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RE: the discussion is over, resistance time

From: Sylvain Galineau <sylvaing@microsoft.com>
Date: Thu, 2 Jul 2009 23:33:32 +0000
To: Thomas Lord <lord@emf.net>
CC: luke whitmore <lwhitmore@gmail.com>, "www-font@w3.org" <www-font@w3.org>
Message-ID: <045A765940533D4CA4933A4A7E32597E020BEEEE@TK5EX14MBXC111.redmond.corp.microsoft.com>
Which in practice - i.e. the way the feature is used in the field - means a same-origin check is done on the file on
Behalf of the license holder. I gather that if the same-origin rule is embedded in the file, then people assume it
constitutes DRM. Let's just say the number of non-lawyers making that claim vastly outnumbers the real one but I'm open to
an expert opinion. (as in, from a real lawyer with an expertise in the matter).

I note that Firefox 3.5 does a same-origin check on web fonts by default. I'm not aware of any standard that requires it as of now.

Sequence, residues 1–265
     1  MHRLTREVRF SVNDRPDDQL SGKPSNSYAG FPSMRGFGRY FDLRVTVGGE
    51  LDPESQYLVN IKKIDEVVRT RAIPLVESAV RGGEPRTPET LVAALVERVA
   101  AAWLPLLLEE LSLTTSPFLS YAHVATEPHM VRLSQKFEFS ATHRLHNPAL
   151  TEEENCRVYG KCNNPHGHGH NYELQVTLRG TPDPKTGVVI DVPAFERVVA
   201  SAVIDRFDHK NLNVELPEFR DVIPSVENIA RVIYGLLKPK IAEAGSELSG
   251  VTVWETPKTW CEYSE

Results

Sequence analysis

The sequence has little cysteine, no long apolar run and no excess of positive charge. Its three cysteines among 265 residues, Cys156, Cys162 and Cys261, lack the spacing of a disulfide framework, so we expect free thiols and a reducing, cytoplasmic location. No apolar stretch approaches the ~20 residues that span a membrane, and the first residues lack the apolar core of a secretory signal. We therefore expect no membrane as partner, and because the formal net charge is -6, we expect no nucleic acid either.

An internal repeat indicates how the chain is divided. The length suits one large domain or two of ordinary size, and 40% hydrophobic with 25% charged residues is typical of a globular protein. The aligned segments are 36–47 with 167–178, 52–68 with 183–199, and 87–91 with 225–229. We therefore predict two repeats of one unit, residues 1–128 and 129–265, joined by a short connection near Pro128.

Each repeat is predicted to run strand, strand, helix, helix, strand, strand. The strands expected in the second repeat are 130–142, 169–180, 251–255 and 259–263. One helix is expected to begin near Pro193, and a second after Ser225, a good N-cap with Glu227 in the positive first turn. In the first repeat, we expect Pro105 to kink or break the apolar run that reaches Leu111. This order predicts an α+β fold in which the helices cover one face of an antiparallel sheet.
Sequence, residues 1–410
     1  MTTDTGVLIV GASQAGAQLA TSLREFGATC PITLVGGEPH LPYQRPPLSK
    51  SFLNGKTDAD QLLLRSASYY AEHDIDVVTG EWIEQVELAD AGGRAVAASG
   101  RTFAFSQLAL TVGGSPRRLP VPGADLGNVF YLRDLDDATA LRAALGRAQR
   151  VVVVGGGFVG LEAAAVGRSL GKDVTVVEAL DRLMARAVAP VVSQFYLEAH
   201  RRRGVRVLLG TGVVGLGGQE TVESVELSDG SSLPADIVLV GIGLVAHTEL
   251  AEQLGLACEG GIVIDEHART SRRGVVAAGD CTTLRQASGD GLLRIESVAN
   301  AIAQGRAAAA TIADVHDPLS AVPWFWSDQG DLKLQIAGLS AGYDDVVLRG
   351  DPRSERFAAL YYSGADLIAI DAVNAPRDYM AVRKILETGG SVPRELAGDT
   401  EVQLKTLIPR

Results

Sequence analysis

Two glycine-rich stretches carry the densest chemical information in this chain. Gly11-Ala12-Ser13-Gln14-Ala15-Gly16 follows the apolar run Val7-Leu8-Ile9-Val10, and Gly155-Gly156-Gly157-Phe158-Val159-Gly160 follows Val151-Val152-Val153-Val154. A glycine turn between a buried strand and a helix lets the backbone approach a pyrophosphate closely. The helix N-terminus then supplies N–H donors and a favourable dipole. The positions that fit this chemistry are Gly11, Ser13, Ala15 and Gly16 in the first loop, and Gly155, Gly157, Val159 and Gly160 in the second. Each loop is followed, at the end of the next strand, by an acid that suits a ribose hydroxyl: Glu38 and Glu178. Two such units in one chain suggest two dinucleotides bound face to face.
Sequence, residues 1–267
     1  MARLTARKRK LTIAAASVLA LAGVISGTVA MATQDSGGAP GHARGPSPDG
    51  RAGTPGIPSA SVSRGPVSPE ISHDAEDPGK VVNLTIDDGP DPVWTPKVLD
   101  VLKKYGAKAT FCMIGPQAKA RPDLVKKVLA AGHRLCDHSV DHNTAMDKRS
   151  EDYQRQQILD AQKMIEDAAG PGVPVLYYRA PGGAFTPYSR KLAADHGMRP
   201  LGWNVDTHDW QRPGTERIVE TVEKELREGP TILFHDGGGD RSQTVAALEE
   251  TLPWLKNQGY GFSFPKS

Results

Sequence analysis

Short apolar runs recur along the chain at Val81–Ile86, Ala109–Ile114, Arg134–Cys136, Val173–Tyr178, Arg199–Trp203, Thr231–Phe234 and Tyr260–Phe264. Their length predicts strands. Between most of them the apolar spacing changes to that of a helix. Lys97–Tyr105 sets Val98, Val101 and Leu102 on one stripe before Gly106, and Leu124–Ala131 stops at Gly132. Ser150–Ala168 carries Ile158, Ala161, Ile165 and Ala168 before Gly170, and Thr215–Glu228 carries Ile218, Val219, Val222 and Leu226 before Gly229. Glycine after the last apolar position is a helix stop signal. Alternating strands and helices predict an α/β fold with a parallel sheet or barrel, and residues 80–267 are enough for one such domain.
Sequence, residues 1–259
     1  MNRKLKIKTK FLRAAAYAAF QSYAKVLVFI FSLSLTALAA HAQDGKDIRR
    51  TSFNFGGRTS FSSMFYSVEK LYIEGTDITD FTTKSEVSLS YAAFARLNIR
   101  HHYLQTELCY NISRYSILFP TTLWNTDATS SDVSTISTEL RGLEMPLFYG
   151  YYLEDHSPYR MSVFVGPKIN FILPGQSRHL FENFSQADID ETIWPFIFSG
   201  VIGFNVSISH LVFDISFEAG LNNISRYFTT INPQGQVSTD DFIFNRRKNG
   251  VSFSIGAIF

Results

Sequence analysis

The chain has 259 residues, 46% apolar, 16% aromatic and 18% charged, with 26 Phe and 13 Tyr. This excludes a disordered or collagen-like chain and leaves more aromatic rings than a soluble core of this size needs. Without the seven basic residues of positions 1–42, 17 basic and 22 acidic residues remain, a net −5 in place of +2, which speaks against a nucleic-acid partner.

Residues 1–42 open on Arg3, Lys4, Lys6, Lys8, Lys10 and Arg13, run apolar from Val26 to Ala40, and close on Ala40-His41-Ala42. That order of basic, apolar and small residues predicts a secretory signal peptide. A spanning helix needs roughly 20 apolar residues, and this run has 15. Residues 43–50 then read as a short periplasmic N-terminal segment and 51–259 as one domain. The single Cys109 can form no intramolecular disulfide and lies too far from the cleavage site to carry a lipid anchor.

>-----Original Message-----
>From: Thomas Lord [mailto:lord@emf.net]
>Sent: Thursday, July 02, 2009 4:24 PM
>To: Sylvain Galineau
>Cc: luke whitmore; www-font@w3.org
>Subject: RE: the discussion is over, resistance time
>
>On Thu, 2009-07-02 at 23:07 +0000, Sylvain Galineau wrote:
>>  For all the rhetoric on this mailing list and others, font
>> vendors are not asking for DRM. They never did.
>
>Microsoft did:
>
>http://www.w3.org/Submission/2008/SUBM-EOT-20080305/#RootString
>
>4.3.1 RootString Usage
>User Agents must validate that the page using the embedded font is
>within the list of URLs from which the embedded font object may be
>legitimately referenced.
>
>
>-t
>
>
>
Received on Thursday, 2 July 2009 23:34:18 GMT

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